Can We Wean Our Future Food Off Antibiotics?
Each year, at least 23,000 Americans die from drug-resistant infections carried by so-called superbugs — pathogens that were once easily treatable but that can now withstand modern medicine’s full arsenal of antibiotics. And if recent forecasts are correct, it could get a lot worse.
Superbugs could in fact surpass cancer as a leading cause of death by 2050, according to the World Health Organization. The WHO and the U.S. Centers for Disease Control and Prevention, along with a number of leading scientists, have warned that the misuse and overuse of antibiotics in both humans and animals is the driving force behind this threat to public health.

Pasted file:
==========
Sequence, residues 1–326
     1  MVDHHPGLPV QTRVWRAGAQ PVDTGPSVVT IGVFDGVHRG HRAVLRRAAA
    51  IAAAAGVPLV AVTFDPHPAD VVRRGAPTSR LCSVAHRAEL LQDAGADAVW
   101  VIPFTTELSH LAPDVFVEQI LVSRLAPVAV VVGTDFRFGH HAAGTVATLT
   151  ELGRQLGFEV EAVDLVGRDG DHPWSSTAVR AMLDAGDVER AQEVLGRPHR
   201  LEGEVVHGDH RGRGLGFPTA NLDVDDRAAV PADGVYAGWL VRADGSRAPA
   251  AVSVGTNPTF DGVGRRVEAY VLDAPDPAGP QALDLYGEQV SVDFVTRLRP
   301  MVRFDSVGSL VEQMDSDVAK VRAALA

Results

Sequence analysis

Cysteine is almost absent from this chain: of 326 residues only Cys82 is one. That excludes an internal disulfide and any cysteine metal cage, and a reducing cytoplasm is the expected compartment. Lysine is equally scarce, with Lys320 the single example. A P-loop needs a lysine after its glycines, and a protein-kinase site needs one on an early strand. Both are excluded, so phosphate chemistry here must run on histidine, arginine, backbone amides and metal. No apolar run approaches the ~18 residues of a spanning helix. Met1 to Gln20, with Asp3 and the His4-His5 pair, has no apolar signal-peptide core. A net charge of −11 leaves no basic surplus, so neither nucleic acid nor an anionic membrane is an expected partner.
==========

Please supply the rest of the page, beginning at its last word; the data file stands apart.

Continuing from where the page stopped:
The U.S. agriculture industry currently uses about three-fourths of the nation’s supply of the drugs, mostly in the name of promoting growth and preventing disease — and experts suggest this can result in real consequences for human health. Animal antibiotics, and the extra-strong bacteria that often accompany them, can reach people via any number of pathways.
“Regardless of how much or how little food production has contributed to the problem, we need to rethink how we use antibiotics across society,” said Matthew Koci, a poultry science expert at North Carolina State University.
To that end, the White House, the U.S. Food and Drug Administration and Walmart have all independently made statements in the past month to the effect that the animals we eat need to be weaned off their routine low doses of antibiotics. The push continued last Tuesday, when advocacy groups sent a letter to the world’s largest fast-food chain, Subway, asking the company to join the growing list of major buyers and producers that have —> Read More